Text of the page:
China Blowing Up Again

China Blowing Up Again

The global equity market continues to rally on the back of a softening labour market, and lower CPI for June while the Chinese market rebounded strongly on improving policy-easing expectations despite poor economic data. The global equity market (MXWD) rallied 3.41% on the back of a 5.44% surge in the European market (MXEU) and a 6.28% rise in the Chinese market (MXCN). The US market (MXUS) rose by 2.58%. The equity market continues to outperform the fixed income market which rose 2.28%.

Figure 1: Major Indices Performance

image Source: Bloomberg

US June core CPI rose by 0.16%, its smallest increase since February 2021, and the year-on-year rate fell five-tenths to 4.8%, both below consensus. While a sharp decline in airfares lowered the core reading by 6bps, shelter categories slowed modestly further, and an estimated 0.5% drop in used car prices is the beginning of a larger pullback. Today’s report is consistent with the view that Fed tightening is in its final phase. The market is now pricing in a 92% chance of a 25bps rate hike in the July FOMC meeting to 5.25-5.5%. This could be the last hike for the year, instead of the two hikes previously guided by the dot plot. Headline CPI rose 0.18%, as energy prices rose 0.6% and food prices edged up 0.1%.

Figure 2: Core CPI

image Source: Department Of Labour

Figure 3: Headline CPI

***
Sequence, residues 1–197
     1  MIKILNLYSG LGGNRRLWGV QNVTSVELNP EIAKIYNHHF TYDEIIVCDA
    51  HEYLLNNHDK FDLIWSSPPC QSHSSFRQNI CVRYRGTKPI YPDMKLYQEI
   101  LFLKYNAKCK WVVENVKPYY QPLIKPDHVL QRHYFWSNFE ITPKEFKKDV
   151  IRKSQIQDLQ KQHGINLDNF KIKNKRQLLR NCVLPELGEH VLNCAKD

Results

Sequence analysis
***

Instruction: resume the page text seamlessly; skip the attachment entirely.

image Source: Department Of Labour

Figure 4: FOMC Dot Plot


The US producer price index (PPI) increased by 0.1% in June, one-tenth below consensus expectations. Core measures were also below consensus expectations, as the PPI excluding food and energy increased by 0.1%, and the PPI excluding food, energy, and trade services increased by 0.1%.

Figure 5: PPI

image Source: Department Of Labour

Initial jobless claims fell by 12k to 237k, against consensus expectations for a slight increase. While initial claims still appear to be boosted by non-economic factors, the sequential decline likely overstates any potential strengthening in the labour market due to a favourable seasonal comparison.

Economists continue to call for a US recession to emerge later this year, but stock prices have been rising nonetheless, leading many observers to conclude that equity markets are doomed to fail. Why the disconnect? We believe the equity markets trade on corporate earnings trends, rather than economic projections, and understanding the drivers of divergences between the two is a key consideration for a successful market strategy. Earnings have cued the price recovery this year.

Excluding the energy sector, stocks are following earnings moves closely. Energy - a primary input cost for the rest of the S&P 500 - often zigs when the rest of the index zags, creating a distorted view of underlying earnings trends. The equity gauge, currently with a very small energy component, simply follows a path indicated by profit growth outside of the energy sector. Excluding that industry, net income growth in the index peaked in the middle of 2021 and subsequently recessed in 2022, proving predictive of the S&P 500 price trend. The headwind appears to have turned into a tailwind by the end of 2022, as earnings outside of energy have suffered incrementally lighter year-over-year declines in 2023. Consensus sees those decreases being followed by growth in 2024. Thus, we believe this would be one of the drivers for the equity rally to continue as investors shift their focus and begin looking at 2024 earnings growth.

Figure 6: S&P500 vs Net Income ex Energy YoY Growth

image Source: Bloomberg